- The Washington Times - Tuesday, July 30, 2002

CARLISLE, Pa. Is Washington Redskins receiver Rod Gardner too big for coach Steve Spurrier's offense?

A scheme seemingly relying on small, darting receivers makes the 6-foot-2 Gardner a giant target for defenders. Gardner is several inches taller than Jacquez Green, Kevin Lockett and Reidel Anthony and relies more on physical style than speed.

Gardner inherits the No.1 role following the free agent departure of Michael Westbrook and his strong rookie season. There's no uncertainty over his role in the expected multi-receiver sets as the first option. Gardner simply dismisses any speculation of not blending well with the new offense.

"If you can run and catch the ball, you'll be in the offense," Gardner said. "You just have to get open. Throwing the ball up in the air gives me opportunities, and it doesn't matter what size I am."

Receivers coach Steve Spurrier Jr. said the system's reputation at Florida for smaller receivers is misleading.

"Historically, my dad has just had smaller, faster receivers," said Spurrier, who previously was a Florida assistant. "He just never had big ones. We recruited the big ones, but when you get a couple small ones that are good, that stereotype haunts you for the rest of your recruiting. All the small, fast ones want to come and the big ones don't."

Gardner wants at least 80 catches this season compared with 46 last year, when he started all 16 games as a first-round pick. Gardner's 741 yards led Washington, including 208 with an 85-yard touchdown against Carolina.

But Gardner sees his total as just five catches per game, a number he exceeded only once. With Spurrier adapting the "Fun 'N' Gun" to the NFL, Redskins receivers should be buzzing around the field.

"You can't help but smile," Gardner said. "Spurrier has a great history. We'll be nothing but happy he's in the system. I think Spurrier will give us all opportunities."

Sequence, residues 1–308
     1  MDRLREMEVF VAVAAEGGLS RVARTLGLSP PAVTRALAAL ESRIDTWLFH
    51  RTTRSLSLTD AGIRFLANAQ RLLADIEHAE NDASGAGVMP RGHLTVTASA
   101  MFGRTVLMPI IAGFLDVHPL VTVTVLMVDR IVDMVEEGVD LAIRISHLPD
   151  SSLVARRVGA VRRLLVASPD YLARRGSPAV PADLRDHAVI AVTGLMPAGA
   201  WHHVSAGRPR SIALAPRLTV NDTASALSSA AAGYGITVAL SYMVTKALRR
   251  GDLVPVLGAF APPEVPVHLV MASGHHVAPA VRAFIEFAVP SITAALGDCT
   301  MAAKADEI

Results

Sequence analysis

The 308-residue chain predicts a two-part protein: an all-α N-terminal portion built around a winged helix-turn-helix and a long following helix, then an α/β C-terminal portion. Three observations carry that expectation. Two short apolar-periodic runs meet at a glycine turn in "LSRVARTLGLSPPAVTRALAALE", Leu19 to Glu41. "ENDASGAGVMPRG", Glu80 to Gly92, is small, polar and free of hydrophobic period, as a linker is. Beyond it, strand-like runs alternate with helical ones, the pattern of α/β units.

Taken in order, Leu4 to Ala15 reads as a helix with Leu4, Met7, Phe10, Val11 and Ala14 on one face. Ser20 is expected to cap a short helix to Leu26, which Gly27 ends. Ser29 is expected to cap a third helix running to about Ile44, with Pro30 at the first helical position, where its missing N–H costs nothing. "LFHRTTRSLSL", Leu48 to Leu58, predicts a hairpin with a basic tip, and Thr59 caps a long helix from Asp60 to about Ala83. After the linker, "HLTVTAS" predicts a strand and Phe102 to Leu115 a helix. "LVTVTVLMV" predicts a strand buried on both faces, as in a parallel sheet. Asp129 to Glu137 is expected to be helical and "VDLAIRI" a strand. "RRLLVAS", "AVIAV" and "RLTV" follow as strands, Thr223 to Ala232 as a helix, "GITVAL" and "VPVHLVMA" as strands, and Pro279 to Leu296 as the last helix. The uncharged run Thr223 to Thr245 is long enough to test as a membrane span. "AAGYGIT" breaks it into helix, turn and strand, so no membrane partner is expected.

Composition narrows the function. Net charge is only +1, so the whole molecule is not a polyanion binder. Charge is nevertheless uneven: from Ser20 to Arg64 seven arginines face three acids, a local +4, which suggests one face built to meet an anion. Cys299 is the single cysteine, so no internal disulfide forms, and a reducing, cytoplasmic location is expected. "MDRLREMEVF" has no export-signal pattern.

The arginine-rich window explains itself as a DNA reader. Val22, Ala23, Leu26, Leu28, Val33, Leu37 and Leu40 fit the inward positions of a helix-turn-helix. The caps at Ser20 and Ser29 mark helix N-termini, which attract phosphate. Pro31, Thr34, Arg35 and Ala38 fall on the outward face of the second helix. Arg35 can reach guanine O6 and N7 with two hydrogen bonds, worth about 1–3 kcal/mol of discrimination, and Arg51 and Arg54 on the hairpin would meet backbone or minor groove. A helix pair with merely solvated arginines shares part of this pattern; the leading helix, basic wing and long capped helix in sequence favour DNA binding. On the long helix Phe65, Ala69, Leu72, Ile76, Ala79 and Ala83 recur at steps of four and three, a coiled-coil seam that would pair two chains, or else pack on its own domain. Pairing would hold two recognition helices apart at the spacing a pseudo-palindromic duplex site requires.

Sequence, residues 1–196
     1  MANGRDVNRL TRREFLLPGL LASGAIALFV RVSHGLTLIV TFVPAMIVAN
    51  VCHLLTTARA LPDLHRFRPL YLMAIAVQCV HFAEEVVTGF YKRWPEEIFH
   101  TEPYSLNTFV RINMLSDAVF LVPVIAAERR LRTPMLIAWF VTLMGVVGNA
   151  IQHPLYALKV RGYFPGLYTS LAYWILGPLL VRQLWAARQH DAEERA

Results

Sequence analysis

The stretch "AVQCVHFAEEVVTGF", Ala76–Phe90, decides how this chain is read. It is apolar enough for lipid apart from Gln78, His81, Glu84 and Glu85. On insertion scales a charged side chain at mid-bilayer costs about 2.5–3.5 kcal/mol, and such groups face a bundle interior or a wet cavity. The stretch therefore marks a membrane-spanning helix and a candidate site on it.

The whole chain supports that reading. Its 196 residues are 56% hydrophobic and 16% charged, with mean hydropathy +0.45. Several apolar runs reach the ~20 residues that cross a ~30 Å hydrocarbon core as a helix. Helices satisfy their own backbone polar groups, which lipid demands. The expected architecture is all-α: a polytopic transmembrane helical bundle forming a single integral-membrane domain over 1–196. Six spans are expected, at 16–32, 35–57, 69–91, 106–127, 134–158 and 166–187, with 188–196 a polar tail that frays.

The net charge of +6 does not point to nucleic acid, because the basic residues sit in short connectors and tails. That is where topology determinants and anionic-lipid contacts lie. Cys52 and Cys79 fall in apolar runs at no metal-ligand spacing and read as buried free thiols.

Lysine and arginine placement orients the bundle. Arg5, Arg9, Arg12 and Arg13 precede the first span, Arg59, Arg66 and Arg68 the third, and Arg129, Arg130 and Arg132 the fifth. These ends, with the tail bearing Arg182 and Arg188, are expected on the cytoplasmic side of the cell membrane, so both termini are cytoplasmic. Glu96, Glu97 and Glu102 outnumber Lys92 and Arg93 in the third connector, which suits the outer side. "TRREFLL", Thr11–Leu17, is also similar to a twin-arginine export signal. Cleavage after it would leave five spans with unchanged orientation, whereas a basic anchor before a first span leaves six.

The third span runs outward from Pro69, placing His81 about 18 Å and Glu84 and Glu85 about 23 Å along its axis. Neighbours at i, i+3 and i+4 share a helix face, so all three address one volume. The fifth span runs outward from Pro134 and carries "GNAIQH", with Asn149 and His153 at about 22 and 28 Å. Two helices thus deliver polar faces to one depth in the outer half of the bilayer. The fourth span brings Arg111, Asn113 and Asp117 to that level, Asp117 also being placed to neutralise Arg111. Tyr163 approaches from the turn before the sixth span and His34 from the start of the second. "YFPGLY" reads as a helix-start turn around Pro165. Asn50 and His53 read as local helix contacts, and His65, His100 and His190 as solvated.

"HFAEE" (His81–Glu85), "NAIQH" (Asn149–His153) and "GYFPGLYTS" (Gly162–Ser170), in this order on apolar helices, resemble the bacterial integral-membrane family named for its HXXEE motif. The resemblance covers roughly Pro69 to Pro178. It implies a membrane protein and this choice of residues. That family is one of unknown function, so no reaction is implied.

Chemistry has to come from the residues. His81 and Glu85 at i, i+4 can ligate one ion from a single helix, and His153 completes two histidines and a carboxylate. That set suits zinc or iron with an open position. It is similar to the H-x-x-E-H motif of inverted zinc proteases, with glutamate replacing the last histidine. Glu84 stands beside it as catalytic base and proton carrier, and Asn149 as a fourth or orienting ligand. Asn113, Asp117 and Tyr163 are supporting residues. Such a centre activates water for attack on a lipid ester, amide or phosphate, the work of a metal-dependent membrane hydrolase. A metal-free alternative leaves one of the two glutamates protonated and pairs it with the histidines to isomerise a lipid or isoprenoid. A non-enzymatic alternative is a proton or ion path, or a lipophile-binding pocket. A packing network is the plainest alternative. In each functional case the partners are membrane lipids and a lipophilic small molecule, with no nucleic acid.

Gardner has learned the scheme after struggling during early offseason camps. Now he can fend off defensive backs without worrying whether he's still on course. Spurrier said yesterday that Gardner has greatly improved his routes.

"It's 80 percent mental," Gardner said. "You have to know how to run routes and get open, but you have to learn what you're supposed to do."

The quarterbacks have noticed Gardner gaining increased efficiency in a timing system that is unforgiving to sloppy routes.

"He was pretty raw last year, and in this offense you have to be precise," quarterback Sage Rosenfels said. "He's put in extra time to get his steps and routes right."

Said quarterback Shane Matthews: "We don't look to receivers. We look to certain areas of the field."

Cornerback Fred Smoot has been close to Gardner since he was chosen in the second round last year. The two often measure their progress against each other in practice. When Smoot said he wanted to be known as "Show Time," the nickname quickly was shortened to "Show." Gardner joked that he wanted to be known as "Show Stopper."

"Rod reminds me of Sterling Sharpe," Smoot said. "He's gotten a lot smarter. He does the little things that get you separation. Any receiver would love being in Spurrier's offense, so how could he not fit?"

Gardner enjoys the leadership role he inherited upon Westbrook's departure. He returned more confident after a rookie season that sometimes seemed baffling with one only catch in four games and two in five games. Now Gardner has his own posse of receivers that ride with him to practice in a Cadillac Escalade with the music so loud that nearby windows probably rattle.

"You look at us together and think 'They can't be receivers with him,'" Gardner said of his smaller teammates. "But they have speed, agility and quickness. All of us working together will be a combination of styles. When we put it together, we'll be hard to beat."

Copyright © 2018 The Washington Times, LLC. Click here for reprint permission.

The Washington Times Comment Policy

The Washington Times is switching its third-party commenting system from Disqus to Spot.IM. You will need to either create an account with Spot.im or if you wish to use your Disqus account look under the Conversation for the link "Have a Disqus Account?". Please read our Comment Policy before commenting.


Click to Read More and View Comments

Click to Hide